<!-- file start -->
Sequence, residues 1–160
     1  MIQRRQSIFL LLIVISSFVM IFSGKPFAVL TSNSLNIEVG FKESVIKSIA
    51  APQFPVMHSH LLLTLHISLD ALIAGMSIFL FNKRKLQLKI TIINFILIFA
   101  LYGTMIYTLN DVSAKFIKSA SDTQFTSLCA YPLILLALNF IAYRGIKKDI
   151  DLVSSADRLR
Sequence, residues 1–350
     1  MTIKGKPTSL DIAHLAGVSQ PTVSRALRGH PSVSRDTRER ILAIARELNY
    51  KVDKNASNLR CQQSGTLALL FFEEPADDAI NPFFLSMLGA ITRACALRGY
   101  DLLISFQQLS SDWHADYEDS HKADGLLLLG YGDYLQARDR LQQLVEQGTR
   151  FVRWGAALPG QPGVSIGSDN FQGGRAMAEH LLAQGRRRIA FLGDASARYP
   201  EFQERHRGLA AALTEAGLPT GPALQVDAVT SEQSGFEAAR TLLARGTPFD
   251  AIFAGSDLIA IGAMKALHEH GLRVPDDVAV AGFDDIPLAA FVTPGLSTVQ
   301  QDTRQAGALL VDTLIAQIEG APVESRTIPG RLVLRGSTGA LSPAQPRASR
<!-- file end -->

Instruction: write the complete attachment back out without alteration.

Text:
Sequence, residues 1–160
     1  MIQRRQSIFL LLIVISSFVM IFSGKPFAVL TSNSLNIEVG FKESVIKSIA
    51  APQFPVMHSH LLLTLHISLD ALIAGMSIFL FNKRKLQLKI TIINFILIFA
   101  LYGTMIYTLN DVSAKFIKSA SDTQFTSLCA YPLILLALNF IAYRGIKKDI
   151  DLVSSADRLR
Sequence, residues 1–350
     1  MTIKGKPTSL DIAHLAGVSQ PTVSRALRGH PSVSRDTRER ILAIARELNY
    51  KVDKNASNLR CQQSGTLALL FFEEPADDAI NPFFLSMLGA ITRACALRGY
   101  DLLISFQQLS SDWHADYEDS HKADGLLLLG YGDYLQARDR LQQLVEQGTR
   151  FVRWGAALPG QPGVSIGSDN FQGGRAMAEH LLAQGRRRIA FLGDASARYP
   201  EFQERHRGLA AALTEAGLPT GPALQVDAVT SEQSGFEAAR TLLARGTPFD
   251  AIFAGSDLIA IGAMKALHEH GLRVPDDVAV AGFDDIPLAA FVTPGLSTVQ
   301  QDTRQAGALL VDTLIAQIEG APVESRTIPG RLVLRGSTGA LSPAQPRASR